Attorney General Jeff Sessions issued a new memo Wednesday containing the most wholehearted legal endorsement yet of President Donald Trump’s stated willingness to implement the death penalty for the most serious drug cases.
“Drug overdoses, including overdoses caused by the lethal substance fentanyl and its analogues, killed more than 64,000 Americans in 2016 and now rank as the leading cause of death for Americans under 50,” Sessions explains in his memo. “In the face of all of this death, we cannot continue with business as usual.”
“To combat this deadly epidemic, federal prosecutors must consider every lawful tool at their disposal,” Sessions continues. “In addition, this should also include the pursuit of capital punishment in appropriate cases.”
The attorney general goes on to note the death penalty for “drug kingpins” and dealers who cause deaths in the course of their illegal enterprises are already on the American law books:
Congress has passed several statutes that provide the Department with the ability to seek capital punishment for certain drug-related crimes. Among these are statutes that punish certain racketeering activities (18 U.S.C. § 1959); the use of a firearm resulting in death during a drug trafficking crime (18 U.S.C. § 924(j)); murder in furtherance of a continuing criminal enterprise (21 U.S.C. § 848(e)); and dealing in extremely large quantities of drugs (18 U.S.C. § 3591(b)(1)). I strongly encourage federal prosecutors to use these statutes, when appropriate, to aid in our continuing fight against drug trafficking and the destruction it causes in our nation.
The issue was brought to the fore Monday when, in laying out his plan for tackling the opioid crisis, President Trump grabbed headlines with his appeal to seek execution of certain drug criminals and his reference to leaders in other countries who claim great success in avoiding a drug crisis like America’s by doing so.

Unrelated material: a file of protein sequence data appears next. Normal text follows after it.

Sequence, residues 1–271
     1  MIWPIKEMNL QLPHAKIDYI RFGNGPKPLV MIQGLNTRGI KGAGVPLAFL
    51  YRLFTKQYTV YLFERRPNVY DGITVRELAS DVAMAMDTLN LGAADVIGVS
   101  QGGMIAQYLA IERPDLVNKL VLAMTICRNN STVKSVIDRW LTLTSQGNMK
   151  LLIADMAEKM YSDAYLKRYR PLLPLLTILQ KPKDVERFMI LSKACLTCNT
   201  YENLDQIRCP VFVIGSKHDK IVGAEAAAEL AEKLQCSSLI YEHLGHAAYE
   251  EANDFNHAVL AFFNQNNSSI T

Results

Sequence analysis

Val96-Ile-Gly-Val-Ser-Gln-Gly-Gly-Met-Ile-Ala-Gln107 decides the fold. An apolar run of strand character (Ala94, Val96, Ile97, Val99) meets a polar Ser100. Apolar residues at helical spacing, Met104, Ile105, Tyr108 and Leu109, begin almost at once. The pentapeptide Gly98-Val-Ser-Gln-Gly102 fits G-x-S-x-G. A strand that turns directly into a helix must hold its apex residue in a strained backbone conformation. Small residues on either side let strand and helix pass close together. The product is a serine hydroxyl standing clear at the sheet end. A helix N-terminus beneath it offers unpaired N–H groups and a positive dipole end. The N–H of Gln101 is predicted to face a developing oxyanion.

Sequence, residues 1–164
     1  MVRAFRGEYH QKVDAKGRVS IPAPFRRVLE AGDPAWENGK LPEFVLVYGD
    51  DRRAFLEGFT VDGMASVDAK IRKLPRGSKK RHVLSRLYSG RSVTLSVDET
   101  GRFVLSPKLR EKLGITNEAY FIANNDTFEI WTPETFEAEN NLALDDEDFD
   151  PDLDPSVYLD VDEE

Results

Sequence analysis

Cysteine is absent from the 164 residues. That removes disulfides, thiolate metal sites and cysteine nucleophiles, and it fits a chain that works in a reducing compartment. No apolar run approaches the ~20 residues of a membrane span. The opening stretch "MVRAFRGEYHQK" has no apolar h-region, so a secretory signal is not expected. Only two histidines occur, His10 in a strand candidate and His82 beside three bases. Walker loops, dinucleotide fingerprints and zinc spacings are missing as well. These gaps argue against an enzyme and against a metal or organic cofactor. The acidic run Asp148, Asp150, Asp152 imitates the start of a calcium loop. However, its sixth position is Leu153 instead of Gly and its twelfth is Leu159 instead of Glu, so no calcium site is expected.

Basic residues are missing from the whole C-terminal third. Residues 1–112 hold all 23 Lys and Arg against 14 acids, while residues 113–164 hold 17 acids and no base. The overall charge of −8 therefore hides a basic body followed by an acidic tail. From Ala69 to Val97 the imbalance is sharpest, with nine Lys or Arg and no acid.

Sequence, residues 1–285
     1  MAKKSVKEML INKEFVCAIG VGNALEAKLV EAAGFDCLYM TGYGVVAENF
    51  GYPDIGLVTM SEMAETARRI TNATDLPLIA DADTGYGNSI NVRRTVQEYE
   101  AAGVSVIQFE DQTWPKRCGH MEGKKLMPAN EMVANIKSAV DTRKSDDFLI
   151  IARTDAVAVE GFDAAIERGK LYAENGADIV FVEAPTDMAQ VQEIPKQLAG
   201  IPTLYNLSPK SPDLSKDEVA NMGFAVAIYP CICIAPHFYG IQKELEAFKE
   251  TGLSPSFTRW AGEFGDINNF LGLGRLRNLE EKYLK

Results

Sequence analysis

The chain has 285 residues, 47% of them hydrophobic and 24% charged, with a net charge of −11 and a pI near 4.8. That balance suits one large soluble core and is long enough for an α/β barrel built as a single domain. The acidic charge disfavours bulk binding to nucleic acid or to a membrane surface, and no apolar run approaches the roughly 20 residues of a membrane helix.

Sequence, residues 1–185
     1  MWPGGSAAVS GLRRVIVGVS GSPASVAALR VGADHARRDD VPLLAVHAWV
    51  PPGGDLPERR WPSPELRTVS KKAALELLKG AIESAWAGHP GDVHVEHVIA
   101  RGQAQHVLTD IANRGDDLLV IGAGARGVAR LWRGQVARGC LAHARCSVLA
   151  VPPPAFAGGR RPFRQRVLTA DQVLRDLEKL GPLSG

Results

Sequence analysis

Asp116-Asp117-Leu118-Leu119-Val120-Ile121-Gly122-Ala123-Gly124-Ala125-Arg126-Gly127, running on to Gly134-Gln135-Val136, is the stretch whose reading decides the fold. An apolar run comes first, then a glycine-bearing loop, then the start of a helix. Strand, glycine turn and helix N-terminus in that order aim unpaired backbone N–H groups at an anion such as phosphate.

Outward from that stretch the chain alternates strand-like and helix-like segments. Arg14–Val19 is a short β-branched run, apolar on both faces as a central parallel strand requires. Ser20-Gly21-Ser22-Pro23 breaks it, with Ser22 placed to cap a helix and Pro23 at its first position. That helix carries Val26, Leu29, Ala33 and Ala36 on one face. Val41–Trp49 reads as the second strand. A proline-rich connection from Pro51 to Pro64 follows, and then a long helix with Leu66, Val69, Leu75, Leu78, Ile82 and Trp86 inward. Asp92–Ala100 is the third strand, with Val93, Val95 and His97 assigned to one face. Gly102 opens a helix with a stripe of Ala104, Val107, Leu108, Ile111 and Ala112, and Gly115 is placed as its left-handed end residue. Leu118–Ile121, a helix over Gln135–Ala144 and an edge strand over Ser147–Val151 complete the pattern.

India, Taiwan, and Singapore are examples of democratic states that maintain the death penalty for drug dealers. Singapore, the most oft-referenced of these countries, in fact stipulates mandatory execution for those convicted of trafficking a mere 15 grams of heroin. In 2010, a leading Singaporean diplomat defended the policy in Britain’s Guardian newspaper, writing:
Every society strikes its own balance between the rights of the individual and the rights of society. Capital punishment is an integral part of our successful comprehensive anti-drug strategy. Our tough stance against drugs has saved tens of thousands of lives from the drug menace. It is therefore not surprising that the majority of Singaporeans continue to support the death penalty.
Beyond Sessions, the president’s proposal has found support among some congressional Republicans. George W. Bush era “drug czar” John Walters also came out on Breitbart News Daily in support of allowing prosecutors to use these laws. Left-leaning commentators, meanwhile, have strongly condemned discussing the use of the death penalty for dealers. Some Republicans, for example West Virginia’s Sen. Shelly Moore Capito, have also spoken against the move. Moore Capito told Politico, “I mean, I get the message [Trump is] delivering: We’ve got to treat it seriously. … [But] I don’t see that that’s going to solve the problem.”
As a practical matter, America’s death penalty has never been applied or even sought for purely drug-dealing offenders. No one in the United States has been put to death for a crime other than murder since 1964. Due to a series of Supreme Court rulings since the 1970s, there is a serious constitutional question as to whether it even could be today.
“While recent Supreme Court precedents might allow challenges to the death penalty for drug kingpins, President Trump and Attorney General Sessions could win that fight,” says Breitbart News Senior Legal Editor Ken Klukowski. “A Supreme Court focused on the original meaning of the Constitution would ask whether the death penalty for these kingpins was considered a ‘cruel or unusual punishment’ when the Eighth Amendment was adopted in 1791. The answer is clearly no.”